What Impacted The Farmer Suicides Rates To Increase By 18% In 2020?

What was the impact of the Covid-19 epidemic on accidental fatalities and suicides in India?

The 2020 National Crime Records Bureau (NCRB) report, which was issued on October 28th, validates intuitive wisdom on this subject. While the number of traffic accidents and related deaths has lowered majorly, the number of suicides has increased majorly. Students and small business owners had the greatest increase in suicides, correlating with anecdotal descriptions of the pandemic’s disproportionate burden on them.

According to a study issued on Thursday by the National Crime Records Bureau (NCRB), the number of farm labourers who committed suicide in 2020 was 18% higher than the last year. Suicides among landowners, on the other hand, fell somewhat during the pandemic year.


Last year, the agriculture sector was one of the few bright spots in the Indian economy, experiencing growth as a result of a successful monsoon and the continuance of agricultural activities even though a shutdown plagued other sectors. However, landless agricultural labourers who did not benefit from income assistance programmes like PM Kisan’s may have suffered more during the epidemic. The NCRB study makes no mention of the particular reasons for suicide in the agricultural community.

Overall, 10,677 agricultural workers committed suicide in 2020, somewhat more than the 10,281 who perished in 2019. They accounted for 7% of all suicides in the country.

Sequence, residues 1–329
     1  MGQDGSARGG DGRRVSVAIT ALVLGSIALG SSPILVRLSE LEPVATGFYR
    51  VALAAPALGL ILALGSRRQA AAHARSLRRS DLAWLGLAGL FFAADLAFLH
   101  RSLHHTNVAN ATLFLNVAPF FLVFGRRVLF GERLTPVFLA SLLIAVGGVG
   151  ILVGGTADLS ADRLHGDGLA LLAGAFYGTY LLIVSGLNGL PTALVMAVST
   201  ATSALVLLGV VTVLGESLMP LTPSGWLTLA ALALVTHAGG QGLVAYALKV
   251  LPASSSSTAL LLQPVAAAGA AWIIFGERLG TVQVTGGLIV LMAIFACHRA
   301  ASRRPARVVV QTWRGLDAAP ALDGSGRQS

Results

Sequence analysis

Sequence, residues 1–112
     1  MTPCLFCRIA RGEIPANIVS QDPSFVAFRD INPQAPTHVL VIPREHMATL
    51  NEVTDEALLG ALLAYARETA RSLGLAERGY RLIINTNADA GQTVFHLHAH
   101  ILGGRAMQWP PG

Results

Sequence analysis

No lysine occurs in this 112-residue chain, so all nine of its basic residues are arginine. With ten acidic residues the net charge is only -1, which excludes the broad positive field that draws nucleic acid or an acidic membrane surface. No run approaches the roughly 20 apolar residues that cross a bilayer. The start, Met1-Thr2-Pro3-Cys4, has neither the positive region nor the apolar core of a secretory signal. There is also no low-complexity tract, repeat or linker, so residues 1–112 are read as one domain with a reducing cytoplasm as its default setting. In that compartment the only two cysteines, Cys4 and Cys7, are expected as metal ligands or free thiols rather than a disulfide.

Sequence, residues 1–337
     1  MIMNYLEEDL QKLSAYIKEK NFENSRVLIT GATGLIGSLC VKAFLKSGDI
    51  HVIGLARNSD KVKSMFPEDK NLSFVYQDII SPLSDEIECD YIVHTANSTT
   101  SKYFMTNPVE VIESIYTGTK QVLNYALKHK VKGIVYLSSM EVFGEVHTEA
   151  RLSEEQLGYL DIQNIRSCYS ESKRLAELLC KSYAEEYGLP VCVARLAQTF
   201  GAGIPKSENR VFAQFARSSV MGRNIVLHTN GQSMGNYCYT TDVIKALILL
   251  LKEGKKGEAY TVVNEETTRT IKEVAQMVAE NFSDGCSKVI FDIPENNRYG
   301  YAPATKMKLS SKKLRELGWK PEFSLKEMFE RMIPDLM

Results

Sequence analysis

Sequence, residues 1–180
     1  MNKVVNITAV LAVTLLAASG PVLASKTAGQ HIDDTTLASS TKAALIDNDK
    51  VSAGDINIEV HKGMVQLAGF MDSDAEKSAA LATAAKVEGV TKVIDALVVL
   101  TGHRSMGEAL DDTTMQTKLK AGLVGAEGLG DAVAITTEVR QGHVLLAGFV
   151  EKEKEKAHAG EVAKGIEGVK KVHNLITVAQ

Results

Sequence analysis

The vast majority of these deaths occurred among persons whose main occupation and the main source of income was agricultural or horticultural labour activities. In 2020, 5,098 of these farm labourers committed suicide, an 18% increase from the 4,324 who perished the last year.

However, the number of suicides among farmworkers who cultivate their land, with or without the help of other labourers, decreased by 3.7 per cent, from 5,129 to 4,940. Suicides among tenant farmers cultivating leased property decreased by 23%, from 828 to 639.

Maharashtra remains the state with the highest number of agricultural worker suicides (4,006), with a 15% rise in farmworker suicides. Karnataka (2016), Andhra Pradesh (889) and Madhya Pradesh are among the other states with a bad track record (735). In Karnataka, the number of farmworker suicides increased by 43 per cent in 2020.

Andhra Pradesh was one of the few states that showed an improvement, with 14% fewer farm workers committing suicide. Tamil Nadu likewise defied the national trend; while the overall number of farm suicides in the state was somewhat higher, the majority of the rise was due to landowners rather than labourers. In contrast to the six landowner farmers who died by suicide in Tennessee in 2019, 76 died in 2020.

2020 now have the fourth largest annum increase in farmer suicide fatalities.

The 2020 report, which covers the period from January to December 2020, reveals a major increase in the number of suicide fatalities. In absolute terms, there were 153,052 suicide fatalities, the greatest number since 1967, the earliest year for which statistics is available. This figure climbed by 10% from 2019 to the fourth-largest year-on-year growth since 1967. To be sure, the rate of such fatalities as a percentage of the population is not unusual. In 2020, the number of suicides was 11.3 when adjusted for population per lakh. While this is the highest percentage in the recent ten years, the rate in 2010 was 11.4 per cent.